Think3DPrint3D has generously donated 3D printer time and plastic filament to the unusual task of rendering the usually intangible concept of honeybee colour spaces into real, physical, matter!
The first two spaces we printed were chosen by me, in part because I think they are theoretically interesting, and in other part, because unlike some other colour spaces they are finite sized, 3D objects.
The first is a theoretically predicted uniform colour space (a bit like human L*a*b*) where euclidean distances between the points within it (colours) correspond to a bee’s ability to tell the difference between the colours. The shape shows to the locus of the colours of all possible lights in terms of such a perceptually uniform coordinate system (which happen to like inside a cube).
It’s a good shape.
The bottom corresponds to black, and the top corresponds to white. It is biased away from blue, towards green and UV. If you view this from above it is very similar to (more correct than) the honeybee hexagon space used in bee colour studies.
The second shape is the object colour solid for bees. This is a particular kind of colour solid that shows locus the relative proportions that the different types of cone cells get excited by all theoretically possible reflecting surfaces. Some combinations of excitations are impossible because the sensitivity of of the cone cells overlaps, like they do in humans:
This space also lies within a cube, but for different reasons, basically there is a maximum value that is achievable (100% reflecting surface). This shape has nice symmetry properties (it is center symmetric) and has a rounded parallelepiped shape characteristic of the object solid for all species in all conditions (though other species may require a different number of dimensions). It is displayed much like the space above, black at the bottom, white at the top.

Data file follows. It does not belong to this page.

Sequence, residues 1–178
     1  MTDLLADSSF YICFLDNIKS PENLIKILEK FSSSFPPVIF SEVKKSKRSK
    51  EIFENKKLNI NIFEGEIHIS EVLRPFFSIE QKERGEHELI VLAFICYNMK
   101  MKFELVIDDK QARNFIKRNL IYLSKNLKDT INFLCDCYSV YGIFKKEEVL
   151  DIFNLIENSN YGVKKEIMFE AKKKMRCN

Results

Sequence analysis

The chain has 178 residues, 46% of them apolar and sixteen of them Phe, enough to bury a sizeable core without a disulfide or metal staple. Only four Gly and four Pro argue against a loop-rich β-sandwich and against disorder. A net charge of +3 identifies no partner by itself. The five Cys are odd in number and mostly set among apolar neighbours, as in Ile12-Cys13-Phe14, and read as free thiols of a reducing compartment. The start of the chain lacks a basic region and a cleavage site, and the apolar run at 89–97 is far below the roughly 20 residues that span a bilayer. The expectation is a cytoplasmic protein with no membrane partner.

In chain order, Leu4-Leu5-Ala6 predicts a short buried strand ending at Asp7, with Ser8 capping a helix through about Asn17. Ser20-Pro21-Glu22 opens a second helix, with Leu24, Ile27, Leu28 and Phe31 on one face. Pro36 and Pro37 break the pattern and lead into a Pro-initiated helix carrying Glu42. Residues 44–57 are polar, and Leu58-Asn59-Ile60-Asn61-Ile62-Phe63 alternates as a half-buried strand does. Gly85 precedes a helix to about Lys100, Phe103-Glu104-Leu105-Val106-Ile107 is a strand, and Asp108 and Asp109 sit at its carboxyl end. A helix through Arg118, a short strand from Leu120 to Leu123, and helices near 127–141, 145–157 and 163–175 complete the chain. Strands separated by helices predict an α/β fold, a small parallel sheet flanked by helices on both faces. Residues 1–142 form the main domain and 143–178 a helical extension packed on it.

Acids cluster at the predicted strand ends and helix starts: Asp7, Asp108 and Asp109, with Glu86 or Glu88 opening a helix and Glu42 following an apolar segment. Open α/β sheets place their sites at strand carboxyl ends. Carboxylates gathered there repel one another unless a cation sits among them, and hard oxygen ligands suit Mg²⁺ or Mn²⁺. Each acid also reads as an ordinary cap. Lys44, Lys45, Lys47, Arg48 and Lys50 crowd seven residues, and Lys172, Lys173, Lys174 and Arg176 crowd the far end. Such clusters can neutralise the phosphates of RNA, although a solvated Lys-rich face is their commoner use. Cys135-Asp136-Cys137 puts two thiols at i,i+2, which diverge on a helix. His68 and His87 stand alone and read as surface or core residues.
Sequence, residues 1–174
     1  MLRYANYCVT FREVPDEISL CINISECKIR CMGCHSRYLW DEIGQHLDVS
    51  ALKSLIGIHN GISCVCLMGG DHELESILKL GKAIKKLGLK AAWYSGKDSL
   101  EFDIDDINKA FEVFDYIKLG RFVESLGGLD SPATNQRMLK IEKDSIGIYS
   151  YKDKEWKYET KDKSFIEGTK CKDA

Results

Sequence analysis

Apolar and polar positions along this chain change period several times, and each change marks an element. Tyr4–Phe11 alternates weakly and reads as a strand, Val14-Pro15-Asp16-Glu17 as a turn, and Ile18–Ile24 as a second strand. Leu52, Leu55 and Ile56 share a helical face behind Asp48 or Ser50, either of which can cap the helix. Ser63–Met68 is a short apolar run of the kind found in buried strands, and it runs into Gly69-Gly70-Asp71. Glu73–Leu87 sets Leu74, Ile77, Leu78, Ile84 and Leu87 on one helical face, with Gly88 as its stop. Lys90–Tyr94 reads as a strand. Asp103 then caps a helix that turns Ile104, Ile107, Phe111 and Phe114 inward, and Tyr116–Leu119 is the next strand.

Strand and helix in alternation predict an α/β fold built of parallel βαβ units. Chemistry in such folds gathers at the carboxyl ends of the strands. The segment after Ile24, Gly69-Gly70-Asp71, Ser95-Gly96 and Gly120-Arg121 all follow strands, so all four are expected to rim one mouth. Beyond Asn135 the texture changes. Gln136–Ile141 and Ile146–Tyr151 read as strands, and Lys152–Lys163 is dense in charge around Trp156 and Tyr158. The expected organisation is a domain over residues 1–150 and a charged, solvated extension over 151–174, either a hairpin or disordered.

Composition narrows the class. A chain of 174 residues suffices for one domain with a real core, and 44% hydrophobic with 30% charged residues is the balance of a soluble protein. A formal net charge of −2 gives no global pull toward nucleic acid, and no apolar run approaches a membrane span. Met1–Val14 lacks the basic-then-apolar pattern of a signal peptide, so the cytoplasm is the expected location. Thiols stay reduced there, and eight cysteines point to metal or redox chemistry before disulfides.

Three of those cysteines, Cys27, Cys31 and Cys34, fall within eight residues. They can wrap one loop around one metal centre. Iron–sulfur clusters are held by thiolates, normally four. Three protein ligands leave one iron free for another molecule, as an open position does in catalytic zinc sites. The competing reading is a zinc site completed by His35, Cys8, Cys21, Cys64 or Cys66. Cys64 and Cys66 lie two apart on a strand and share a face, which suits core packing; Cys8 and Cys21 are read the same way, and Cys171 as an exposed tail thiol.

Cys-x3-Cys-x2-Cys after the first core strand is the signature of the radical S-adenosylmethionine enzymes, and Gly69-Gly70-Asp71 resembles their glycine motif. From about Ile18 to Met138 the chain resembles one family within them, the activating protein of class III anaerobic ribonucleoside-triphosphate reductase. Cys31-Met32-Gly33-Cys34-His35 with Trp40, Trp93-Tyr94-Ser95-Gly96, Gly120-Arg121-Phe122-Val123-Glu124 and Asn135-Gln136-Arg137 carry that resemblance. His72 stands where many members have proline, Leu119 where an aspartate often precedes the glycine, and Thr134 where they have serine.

It is also a good shape.
We also printed some tetrachromatic chromaticity spaces, which are also 3D. We had trouble with the human tetrachromat space. But an idealisation of tetrachromat chromaticity spaces (as a 3-sphericon) was quite successful … as were the other sphericons … they roll funny!
This was my first experience of 3D printing. We were using RepRaps.
The first thing you think when you see 3D printing is “I can print anything!”, but what you should be thinking is: resolution, tolerances and “can I print this without having to lay down filament in thin air”.
Printing the actual shapes was pretty straight forwards, we just made them in two halves and glued them together. We made them nice and smooth by suspending them in acetone vapor (which is a good solvent of ABS), well, in one case, by accidentally dropping the whole thing in a vat of acetone (it actually worked very well, probably because it was still attached to a bit of wire and I fished it out immediately).
The purple frames were printed out of a different material, PLA. They are made from six (different) individual parts and glued into two halves of a cube. You can take and were a bit of a pain. Because of the steps made by the layering, it was fairly hard to make them meet up and glue nicely. But a really nice thing about 3D printing is you can easily make your own tools, so I “quickly” printed a “glue jig” that I could use to put the parts in the right place.
In hindsight, it was a bit big. Given that the parts are glued together using “dead reckoning” they’ve come out really nicely.